Let's say I have two directory structures:


I want to use find(1) to see the files that are newer in /var/www/site1.test than their counterparts in /var/www/site1.prod.

Can I do this with find(1), and if so, how?

  • retitle: 'find(1) files newer than others' at the very least, please – Adriano Varoli Piazza Feb 24 '09 at 19:50
  • +1 interesting. Though likely to be closed as this is more related to sysadmining than to programming. Me, I don't separate them as neatly. – Adriano Varoli Piazza Feb 24 '09 at 19:59
  • @Adriano Varoli Piazza: I would count shell scripting as programming :) – Eddie Feb 24 '09 at 20:13
  • I did say that I wouldn't close it. But as far as I've seen in other questions... – Adriano Varoli Piazza Feb 24 '09 at 23:10

I think you can't do it with find alone, but you can do something like

$ cd /var/www/site1.test
$ files=`find .`
$ for $f in $files; do
     if [ $f -nt /var/www/site1.prod/$f ]; then echo "$f changed!"; fi;
  • minor modifications: for f in $files; do if [ $f -nt /var/www/site1.prod/$f ]; then echo "$f changed"; fi; done – Glen Solsberry Feb 24 '09 at 20:09
  • This will break for filenames containing blanks, and break for a large number of files on certain (ba)shes. – vladr Feb 24 '09 at 20:13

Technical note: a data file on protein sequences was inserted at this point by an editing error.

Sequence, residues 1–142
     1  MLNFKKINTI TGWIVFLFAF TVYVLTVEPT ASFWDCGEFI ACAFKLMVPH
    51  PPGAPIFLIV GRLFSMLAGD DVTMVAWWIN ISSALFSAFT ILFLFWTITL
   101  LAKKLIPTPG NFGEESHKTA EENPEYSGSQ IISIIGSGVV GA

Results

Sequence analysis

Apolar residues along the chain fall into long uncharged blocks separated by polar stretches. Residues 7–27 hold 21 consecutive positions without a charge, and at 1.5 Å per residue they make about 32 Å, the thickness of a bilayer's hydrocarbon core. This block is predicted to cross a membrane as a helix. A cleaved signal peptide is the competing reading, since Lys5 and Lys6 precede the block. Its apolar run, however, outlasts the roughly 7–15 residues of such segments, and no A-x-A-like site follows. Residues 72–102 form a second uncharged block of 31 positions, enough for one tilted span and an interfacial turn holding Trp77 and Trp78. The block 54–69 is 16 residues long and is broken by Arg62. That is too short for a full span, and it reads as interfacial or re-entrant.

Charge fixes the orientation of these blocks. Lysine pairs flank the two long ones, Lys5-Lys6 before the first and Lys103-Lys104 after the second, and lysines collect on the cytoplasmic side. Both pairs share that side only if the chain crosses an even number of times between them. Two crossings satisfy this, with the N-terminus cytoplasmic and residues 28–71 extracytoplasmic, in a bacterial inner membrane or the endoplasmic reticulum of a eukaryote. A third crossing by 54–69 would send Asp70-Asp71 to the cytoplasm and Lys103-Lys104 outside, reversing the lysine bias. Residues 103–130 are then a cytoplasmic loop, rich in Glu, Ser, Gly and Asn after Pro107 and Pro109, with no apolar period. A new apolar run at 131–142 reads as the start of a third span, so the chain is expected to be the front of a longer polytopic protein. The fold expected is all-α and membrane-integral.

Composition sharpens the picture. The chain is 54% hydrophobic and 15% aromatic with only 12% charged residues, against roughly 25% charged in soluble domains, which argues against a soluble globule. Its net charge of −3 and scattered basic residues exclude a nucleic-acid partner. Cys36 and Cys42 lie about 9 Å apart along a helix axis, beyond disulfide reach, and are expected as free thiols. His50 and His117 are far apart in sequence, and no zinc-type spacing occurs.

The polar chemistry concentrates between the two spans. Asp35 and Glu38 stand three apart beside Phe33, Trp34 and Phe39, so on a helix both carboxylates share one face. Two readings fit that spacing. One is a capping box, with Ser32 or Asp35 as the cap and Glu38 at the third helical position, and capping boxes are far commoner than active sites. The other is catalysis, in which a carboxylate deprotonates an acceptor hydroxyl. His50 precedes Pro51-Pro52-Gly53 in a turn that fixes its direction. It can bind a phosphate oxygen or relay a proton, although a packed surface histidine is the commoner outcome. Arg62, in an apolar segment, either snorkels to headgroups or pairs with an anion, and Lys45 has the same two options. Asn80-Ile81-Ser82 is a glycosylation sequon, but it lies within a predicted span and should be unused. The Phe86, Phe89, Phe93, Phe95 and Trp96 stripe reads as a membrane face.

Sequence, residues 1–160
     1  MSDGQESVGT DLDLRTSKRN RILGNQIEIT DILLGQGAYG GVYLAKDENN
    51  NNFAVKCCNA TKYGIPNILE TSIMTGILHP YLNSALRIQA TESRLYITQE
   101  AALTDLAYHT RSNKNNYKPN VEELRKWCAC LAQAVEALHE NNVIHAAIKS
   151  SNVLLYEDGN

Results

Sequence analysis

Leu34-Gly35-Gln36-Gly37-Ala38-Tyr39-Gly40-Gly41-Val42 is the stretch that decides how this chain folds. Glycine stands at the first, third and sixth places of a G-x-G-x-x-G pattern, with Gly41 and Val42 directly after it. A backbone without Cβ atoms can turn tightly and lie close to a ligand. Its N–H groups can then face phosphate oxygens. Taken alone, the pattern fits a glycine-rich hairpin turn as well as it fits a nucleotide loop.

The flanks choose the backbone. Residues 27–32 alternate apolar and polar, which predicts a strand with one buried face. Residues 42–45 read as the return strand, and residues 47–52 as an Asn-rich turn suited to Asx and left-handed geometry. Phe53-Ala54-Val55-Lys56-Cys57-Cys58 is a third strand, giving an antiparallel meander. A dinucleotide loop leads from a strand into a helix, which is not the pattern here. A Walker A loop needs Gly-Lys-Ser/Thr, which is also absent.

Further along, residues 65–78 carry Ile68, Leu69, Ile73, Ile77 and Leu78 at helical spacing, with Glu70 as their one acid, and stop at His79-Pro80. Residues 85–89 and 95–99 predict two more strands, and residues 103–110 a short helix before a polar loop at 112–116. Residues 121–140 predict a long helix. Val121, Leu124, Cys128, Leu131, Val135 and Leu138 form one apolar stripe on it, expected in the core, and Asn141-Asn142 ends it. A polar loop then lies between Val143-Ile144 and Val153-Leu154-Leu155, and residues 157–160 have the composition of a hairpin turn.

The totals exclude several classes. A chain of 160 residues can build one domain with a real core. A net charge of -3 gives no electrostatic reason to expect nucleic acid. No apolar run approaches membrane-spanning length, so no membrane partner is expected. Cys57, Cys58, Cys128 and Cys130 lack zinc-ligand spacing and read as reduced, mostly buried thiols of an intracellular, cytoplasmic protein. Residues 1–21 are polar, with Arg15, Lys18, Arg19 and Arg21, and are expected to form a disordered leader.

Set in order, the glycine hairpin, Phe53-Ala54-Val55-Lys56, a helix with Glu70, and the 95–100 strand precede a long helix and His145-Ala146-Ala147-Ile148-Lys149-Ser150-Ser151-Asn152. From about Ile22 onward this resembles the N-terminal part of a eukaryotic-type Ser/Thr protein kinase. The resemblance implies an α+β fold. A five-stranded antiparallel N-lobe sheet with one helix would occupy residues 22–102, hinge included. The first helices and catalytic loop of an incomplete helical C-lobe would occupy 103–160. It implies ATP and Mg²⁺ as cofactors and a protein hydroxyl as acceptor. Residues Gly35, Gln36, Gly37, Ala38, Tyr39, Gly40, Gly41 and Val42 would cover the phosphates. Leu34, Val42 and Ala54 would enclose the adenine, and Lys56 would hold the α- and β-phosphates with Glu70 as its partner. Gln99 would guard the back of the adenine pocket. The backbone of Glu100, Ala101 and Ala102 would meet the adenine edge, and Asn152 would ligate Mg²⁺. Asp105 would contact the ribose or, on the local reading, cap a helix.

• Warning: This won't tell you if a new file was created in /var/www/site1.prod and not in /var/www/site1.test -- which may be acceptable. – Eddie Feb 24 '09 at 20:21
  • This isn't the first shell script I've seen on SO that conveniently forgets that file names may contain blanks. – bendin Feb 24 '09 at 20:28

You also could use rsync -n

rsync -av -n /var/www/site1.test /var/www/site1.prod

should do it.


Using find,

cd /var/www/site1.test
find . -type f -print | while read file ; do
  [ "$file" -nt /var/www/site1.prod/"$file" ] && echo "File '$file' changed"

This will work with filenames containing blanks, as well as work for a large volume of files.

To distinguish between modified and missing files, as per Eddie's comments,

cd /var/www/site1.test
find . -type f -print | while read file ; do
  [ "$file" -nt /var/www/site1.prod/"$file" ] && reason=changed
  [ \! -e /var/www/site1.prod/"$file" ] && reason=created
  [ -n "$reason" ] && echo "$file $reason"
  • Warning: Like the solution you are correcting, this won't tell you if a new file was created in /var/www/site1.prod and not in /var/www/site1.test -- which may be acceptable. – Eddie Feb 24 '09 at 20:23

If you look at the -fprintf option you should be able to create two finds that output into two files that list the files name and modification time. You should then be able to just diff the two files to see what has changed.


I understand that you specifically asked for newer, but I think it's always good to know all your options.

I would use diff -ur dir1 dir2.

Maybe the timestamp changed, maybe it didn't, but that doesn't necessarily tell you if the contents are the same. Diff will tell you if the contents changed. If you really don't want to see the contents use diff -rq to just see the files that changed.

  • That's if you are using a version of diff that supports the "-q" option. – Eddie Feb 24 '09 at 20:19

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